A People Magazine "Get Set for Summer Pick"
One of InStyle Magazine's Top 5 Beach Reads
Blessed with beauty, talent, and a loving family, the Aschers seem to have it all. Joe and Laura are the toast of New York--a wildly successful playwright and a wealthy, well-educated actress. Then one winter night, seventeen-year-old Thomas dies, and the Aschers lose everything. More than a decade later, as their daughter Emily's wedding approaches, the family yearns to reconnect. But in order to do so, Joe, Laura, and Emily will first have to confront the tangle of blame, guilt, and long-held secrets that tore them apart. Shifting between past and present over the course of sixteen years, The Embers is an utterly gripping and exquisitely tender story of a family struggling to reconcile the past and embrace the future.
Praise For The Embers: A Novel…
“A riveting examination of a high-profile clan and its fall from grace. . . . The Embers builds like the fire its title conjures, glowing a little, then suddenly bursting into sparks of narrative that make it nigh on impossible to put down. . . . The Embers will inspire readers to examine their own judgments about those they love, and perhaps give someone another chance. Bass is a new author with an old soul, and a talent worth tending.” —Joy Tipping, Dallas Morning News
“In this fiercely tender story by Hyatt Bass, a new engagement forces one young woman, her mother and her estranged father to rehash a painful tragedy locked away in their past so she can finally move on.” —InStyle (One of InStyle Magazine's Top 5 Beach Reads for Summer 2009)
“A moving tale about grief's tenacious hold and the road to redemption.” —People (A "Get Set for Summer" Pick)
“Bass . . . is a sensitive observer of family dynamics, of the way people can fail to really see the ones they love. . . . THE EMBERS [is] contemplative and psychologically attuned.” —Laurie Muchnick, Bloomberg.com
“A very assured and beguiling debut novel” —Ben Dickinson, Elle.com (One of Elle.com's "Top Ten Smartest, Sizzlingest Beach Reads")
“Bass's well-paced, nuanced family saga is as engrossing as it is empathetic. Sure to appeal to readers who enjoy such family dramas as Judith Guest's Ordinary People.” —Library Journal (starred review)
“Director, producer and screenwriter Bass creates a riveting narrative that digs into the notion that ‘there is nothing that happens to a child that does not implicate the parent in some way.' . . . Bass's excavation of a complex familial labyrinth is an elegant testament to the beautiful mess that is family.” —Publishers Weekly
“First novels shine too. In filmmaker Hyatt Bass's The Embers, newly engaged Emily and her parents finally begin coping with the death of Emily's brother.” —Barbara Hoffert, The Phoenix, "The Best in Summer Reading"
“The Embers is the sort of novel I'm always hoping to find--from the first page, I was transfixed. Hyatt Bass's lyrical story of a broken family is, in a word, stunning. The Embers is the best book I've read in a long time.” —Amanda Eyre Ward, author of How to Be Lost and Love Stories in This Town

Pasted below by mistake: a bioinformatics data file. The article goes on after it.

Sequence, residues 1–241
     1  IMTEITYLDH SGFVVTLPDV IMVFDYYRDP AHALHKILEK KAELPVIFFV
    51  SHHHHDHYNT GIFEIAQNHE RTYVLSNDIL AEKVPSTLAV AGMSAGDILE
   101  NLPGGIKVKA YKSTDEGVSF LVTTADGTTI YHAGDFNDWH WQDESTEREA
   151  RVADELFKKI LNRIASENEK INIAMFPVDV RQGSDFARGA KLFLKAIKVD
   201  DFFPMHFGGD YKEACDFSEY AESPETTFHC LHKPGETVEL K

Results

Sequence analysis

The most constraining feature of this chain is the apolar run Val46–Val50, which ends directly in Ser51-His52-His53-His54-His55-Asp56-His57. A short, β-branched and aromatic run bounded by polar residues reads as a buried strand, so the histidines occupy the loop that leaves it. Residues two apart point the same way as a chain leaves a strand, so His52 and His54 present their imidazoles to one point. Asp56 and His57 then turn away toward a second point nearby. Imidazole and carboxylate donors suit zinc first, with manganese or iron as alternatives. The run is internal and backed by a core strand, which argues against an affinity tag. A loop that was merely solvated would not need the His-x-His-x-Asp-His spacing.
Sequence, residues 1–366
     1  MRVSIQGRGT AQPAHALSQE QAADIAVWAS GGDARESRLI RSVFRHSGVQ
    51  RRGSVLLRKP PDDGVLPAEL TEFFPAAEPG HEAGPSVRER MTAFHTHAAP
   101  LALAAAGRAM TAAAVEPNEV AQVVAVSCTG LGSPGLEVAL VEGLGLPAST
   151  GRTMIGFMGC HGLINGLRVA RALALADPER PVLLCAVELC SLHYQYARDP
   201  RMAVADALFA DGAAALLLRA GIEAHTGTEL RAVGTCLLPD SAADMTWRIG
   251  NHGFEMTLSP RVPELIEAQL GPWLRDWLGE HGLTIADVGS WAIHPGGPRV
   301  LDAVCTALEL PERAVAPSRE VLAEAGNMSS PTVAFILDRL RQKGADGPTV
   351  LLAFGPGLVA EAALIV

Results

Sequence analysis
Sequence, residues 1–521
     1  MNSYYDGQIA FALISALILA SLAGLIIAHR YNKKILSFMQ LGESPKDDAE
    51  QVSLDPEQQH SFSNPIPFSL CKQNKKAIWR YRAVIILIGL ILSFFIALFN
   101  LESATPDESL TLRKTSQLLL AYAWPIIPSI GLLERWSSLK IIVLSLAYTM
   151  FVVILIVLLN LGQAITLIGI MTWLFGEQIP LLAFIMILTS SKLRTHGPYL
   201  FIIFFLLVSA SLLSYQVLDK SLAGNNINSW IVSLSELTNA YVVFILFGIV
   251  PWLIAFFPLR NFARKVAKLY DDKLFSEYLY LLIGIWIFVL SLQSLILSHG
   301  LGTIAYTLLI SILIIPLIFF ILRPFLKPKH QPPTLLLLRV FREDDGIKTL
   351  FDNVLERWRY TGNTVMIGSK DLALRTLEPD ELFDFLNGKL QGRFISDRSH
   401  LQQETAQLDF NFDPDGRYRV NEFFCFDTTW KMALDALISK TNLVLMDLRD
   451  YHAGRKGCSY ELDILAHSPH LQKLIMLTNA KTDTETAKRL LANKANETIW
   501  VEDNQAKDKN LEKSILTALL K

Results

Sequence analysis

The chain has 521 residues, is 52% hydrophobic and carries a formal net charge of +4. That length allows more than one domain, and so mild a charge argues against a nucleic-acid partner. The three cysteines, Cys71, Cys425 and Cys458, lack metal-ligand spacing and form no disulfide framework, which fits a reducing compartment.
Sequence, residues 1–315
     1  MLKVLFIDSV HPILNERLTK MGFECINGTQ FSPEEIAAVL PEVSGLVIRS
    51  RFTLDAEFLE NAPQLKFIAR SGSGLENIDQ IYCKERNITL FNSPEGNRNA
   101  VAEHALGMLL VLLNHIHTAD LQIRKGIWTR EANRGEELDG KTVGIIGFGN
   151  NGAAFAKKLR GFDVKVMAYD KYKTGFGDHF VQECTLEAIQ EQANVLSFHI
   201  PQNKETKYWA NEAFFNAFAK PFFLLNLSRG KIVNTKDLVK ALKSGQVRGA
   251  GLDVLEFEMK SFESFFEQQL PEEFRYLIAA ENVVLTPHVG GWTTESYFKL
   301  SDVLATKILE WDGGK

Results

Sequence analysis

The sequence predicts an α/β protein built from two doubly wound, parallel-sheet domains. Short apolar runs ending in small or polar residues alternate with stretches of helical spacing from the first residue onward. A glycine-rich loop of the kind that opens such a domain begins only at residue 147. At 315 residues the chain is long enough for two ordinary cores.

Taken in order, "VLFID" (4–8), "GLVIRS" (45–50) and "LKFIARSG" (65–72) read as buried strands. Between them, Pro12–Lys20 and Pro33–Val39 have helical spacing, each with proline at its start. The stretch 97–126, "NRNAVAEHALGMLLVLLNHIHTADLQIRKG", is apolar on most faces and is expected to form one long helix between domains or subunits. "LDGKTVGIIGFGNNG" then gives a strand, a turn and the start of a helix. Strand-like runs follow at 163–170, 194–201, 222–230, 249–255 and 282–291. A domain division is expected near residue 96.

“What is more powerful a place than the family? It's the center of our lives, and the crucible of our experience: The Embers, Hyatt Bass's lovely first novel, asks questions that only the family can answer, and delivers truths that only the family contains.” —Roxana Robinson, author of Cost
“Ten minutes into The Embers, I was completely hooked. Each member of this struggling family is portrayed with so much empathy and intelligence. The pacing is excellent, and the prose is exact. Reading it was a thought-provoking pleasure.” —Laura Moriarty, author of The Rest of Her Life and The Center of Everything
Picador, 9780312429713, 336pp.
Publication Date: May 25, 2010
About the Author
Hyatt Bass wrote, directed, and produced the film 75 Degrees in July, which was released in 2006. She is the author of the novel The Embers.
Conversation Starters from ReadingGroupChoices.com
What were your first impressions of Emily and her family? How did your opinions of them shift as you learned about their shared history? What are the most striking differences in the way they each experienced Thomas’s death?
Did anyone do anything “wrong” during the therapy session with Dr. Shepherd, or was the impasse between Emily and Joe simply already too great? What did Joe really mean when he blurted out, “I didn’t do anything”?
Joe and Laura’s marriage was on rocky ground even before Joe’s affair and the events surrounding Thomas’s death. Why were they growing apart? Did their difficulties seem insurmountable?
Emily and Thomas have a complicated—though loving—relationship. How did the dynamic between them compare to your own experience of siblings? Could you understand Emily’s need to act out during Thomas’s illness? Could her parents have done more for her during that period?
How does Earl handle his role as a stepfather and second husband? Does Laura respond to him differently from the way she responded to Joe? Do the two men have any traits in common?
What does Ramon’s case represent to Emily? What makes her well suited to her job as his attorney?
Clay and Emily experience a turning point in their relationship on their holiday ski trip. What was at the source of their fights? Were you rooting for them to work things out? How do their personalities complement each other?
What memories does Ingrid stir in Joe? In turn, what does she need from him? Did learning the truth about who Ingrid really was surprise you?
What were Joe’s motivations in taking Thomas on a trip to the country? How were Laura and Emily affected not just by Thomas’s death but by the way he died? Do the circumstances that led to Thomas’s pneumonia warrant blame?
What does The Embers reveal about trust and authentic love? What enables the Ascher family to grieve and to feel hope again? Has your family experienced a similar loss that was never fully addressed?